Friday, February 26, 2010

February Snippets

A400M Saved

EADS has agreed a plan with European governments to save the A400M. This is a good thing as, even though C-17s are lovely and carry huge amounts (~170,000lbs), we can't afford more than half a dozen of them... which means that our air bridge might have lots of capacity, but not enough actual planes to use it. The A400M is half the size (~82,000lbs capacity) and half the price of the C-17, so the capacity is less "lumpy" - rather useful with our diverse commitments. We need something to replace the clapped-out C-130Ks and C-130Js - the Hercules was a fine aircraft, but the oddly-shaped cargo space and now rather small carrying ability means it's well past its sell-by date. The A400M will fill that role nicely, giving more lift into the bargain.

Plus, of course, keeping the ability to build large cargo transports is useful if we don't want to have to rely on the US.

Iceland bankruptcy

The Icelandic negotiators have walked away from meetings with the British and Dutch, refusing to pay anything above LIBOR on the €4bn Icesave debt. Since LIBOR measures short-term rates (various components from overnight to 1 year), Iceland is demanding long-term repayments below the yield curve - i.e. they want to turn their defaulted debt into a loan at below normal market rates.

Iceland is unable to access IMF cash until it reaches an agreement on repaying its debts, and - as the CityAM article notes - this walk-out is likely to result in their sovereign debt being downgraded by the ratings agencies. After all, if someone has just walked out on one obligation, wouldn't you want to charge a bigger risk premium to deal with them?

UK General Election

With Q4 GDP now revised to being +0.3% on Q3, and Labour closing the poll gap despite Bullygate, there is a lot of talk about whether the election will be called this weekend. This has to be at least 17 working days in advance, and a visit to the palace this weekend would mean a March 25th General Election.

I've got a bet on this, doubled since the GDP revision was announced, but we shall see. There are good reasons for a snap election - avoiding the Chilcot inquiry (and hence questions about how he slashed defence budgets and vetoed helicopter purchases), no need to present a Budget, the Q2 GDP figures (likely to show a double-dip from the VAT rise and snow hitting sales) won't be out until late April, and the tax rises on April 5th announced previously still won't have kicked in - but the Labour party is still skint and has to fight local elections on May 6th no matter when the general election happens. Plus there's Gordon Brown's personality - he "bottled" the 2007 election, and I don't think he's in any hurry to face the electorate. Could go either way.

My head says that it'll still be May 6th, but my heart says the election will be called this weekend.

- KoW

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Tuesday, February 16, 2010

We must lament and cause a fuss...

Page 7 of today's Metro - "Two die in cord accidents" - mentions a coincidental pair of tragic accidents. Two young children (one 3 years old, one 16 months) strangled themselves with blind cords they got entangled in. This is a terrible shame, and it must be heart-wrenching for their parents.

However, the grieving parents of one of the children have launched an imbecilic campaign to ban looped blind cords. Yeah, because that's the problem. A child couldn't strangle himself on a treadmill cord, or a phone cord, or a belt, or a network cable, a tangled bedspread, any reasonably-sturdy wire. Oh, no. It's only looped blind cords. So we must ban them, obviously.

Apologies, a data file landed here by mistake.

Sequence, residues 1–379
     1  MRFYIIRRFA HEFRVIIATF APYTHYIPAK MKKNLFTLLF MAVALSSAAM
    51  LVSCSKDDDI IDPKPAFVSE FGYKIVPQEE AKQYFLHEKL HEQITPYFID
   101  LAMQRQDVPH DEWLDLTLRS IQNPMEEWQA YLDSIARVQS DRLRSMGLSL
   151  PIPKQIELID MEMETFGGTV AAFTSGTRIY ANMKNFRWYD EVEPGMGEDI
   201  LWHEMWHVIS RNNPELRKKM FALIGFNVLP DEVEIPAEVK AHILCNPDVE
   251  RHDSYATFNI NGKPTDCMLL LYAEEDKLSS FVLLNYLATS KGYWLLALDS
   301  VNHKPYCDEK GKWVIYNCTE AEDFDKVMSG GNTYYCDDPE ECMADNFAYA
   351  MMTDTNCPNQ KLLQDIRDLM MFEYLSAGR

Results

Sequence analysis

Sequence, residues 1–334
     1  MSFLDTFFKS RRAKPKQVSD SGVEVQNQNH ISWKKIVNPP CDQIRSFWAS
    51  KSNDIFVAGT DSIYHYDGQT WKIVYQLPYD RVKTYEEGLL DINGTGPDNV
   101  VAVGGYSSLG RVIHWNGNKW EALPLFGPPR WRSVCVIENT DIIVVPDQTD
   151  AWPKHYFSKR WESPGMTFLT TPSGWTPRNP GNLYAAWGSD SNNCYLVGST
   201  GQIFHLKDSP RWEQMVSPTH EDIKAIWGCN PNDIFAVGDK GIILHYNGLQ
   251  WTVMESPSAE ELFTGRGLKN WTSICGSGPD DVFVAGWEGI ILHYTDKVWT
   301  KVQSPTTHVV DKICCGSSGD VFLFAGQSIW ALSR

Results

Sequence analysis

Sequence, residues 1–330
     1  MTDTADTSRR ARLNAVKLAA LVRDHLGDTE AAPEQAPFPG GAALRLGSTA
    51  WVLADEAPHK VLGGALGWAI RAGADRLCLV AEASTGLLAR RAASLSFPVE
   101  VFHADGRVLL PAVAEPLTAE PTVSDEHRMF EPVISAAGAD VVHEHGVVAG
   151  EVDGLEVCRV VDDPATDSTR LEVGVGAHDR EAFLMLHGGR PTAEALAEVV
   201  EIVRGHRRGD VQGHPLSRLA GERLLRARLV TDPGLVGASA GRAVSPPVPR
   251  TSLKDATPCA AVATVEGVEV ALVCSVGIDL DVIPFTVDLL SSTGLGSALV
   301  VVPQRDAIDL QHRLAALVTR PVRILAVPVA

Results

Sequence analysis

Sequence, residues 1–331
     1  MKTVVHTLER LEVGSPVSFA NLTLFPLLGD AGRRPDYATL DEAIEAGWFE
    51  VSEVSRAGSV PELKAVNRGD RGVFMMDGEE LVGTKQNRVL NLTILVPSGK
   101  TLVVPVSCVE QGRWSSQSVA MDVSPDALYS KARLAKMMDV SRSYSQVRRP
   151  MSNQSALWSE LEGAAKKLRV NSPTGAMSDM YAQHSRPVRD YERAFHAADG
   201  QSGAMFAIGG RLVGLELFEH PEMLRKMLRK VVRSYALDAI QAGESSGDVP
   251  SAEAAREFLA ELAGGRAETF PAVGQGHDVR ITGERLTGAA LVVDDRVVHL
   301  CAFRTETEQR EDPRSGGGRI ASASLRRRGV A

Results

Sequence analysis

Never mind that there are millions out there not killing anyone, that the alternative is more complex (and more expensive), that there is no way in hell a toddler should be able to reach a blind 4ft off the floor, no, we must Ban This Sick Filth.

I look forward to having to have my landlord fix my "dangerous" blinds, and maybe put padding on the walls at the same time, because - you never know - someone might hurt themselves. Clearly the world is too dangerous for people to live in.

Whatever happened to parental responsibility?

- KoW

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Monday, February 15, 2010

What is Rape?

The front page of today's Metro screams "One in 4 women 'is rape victim'" based on a report from Havens.

This is clearly a shocking figure, and it's clearly intended that way, but is it actually meaningful? Have 25% of women been forced down an alley at knifepoint and abused? No. It turns out that the definition of rape they're using is "having sex when they did not want to".

So, yeah, "Not tonight dear, I've got a headache. Oh, go on then..." is rape. Who knew? Not feeling horny makes you a rape victim. Wonderful. So a substantial number of men will have been raped, too, when their wives were in the mood but they weren't.

Sometimes people have to do things they're not keen on, but which mean a great deal to someone else. It's hard work, and people are not entitled to happiness or effortless utopian relationships.

Why are these morons conflating a heinous life-destroying crime with harmless relationship obligations?

This sort of idiocy is why rape convictions are so "low" - the term has been devalued to the point where any doubt or remorse can count as "an offence", causing the number of reports to explode, but the number of actual rapes prosecuted (substantially all of them) is about the same. And that number is very low because the vast majority of the human race finds rape abhorrent.

- KoW

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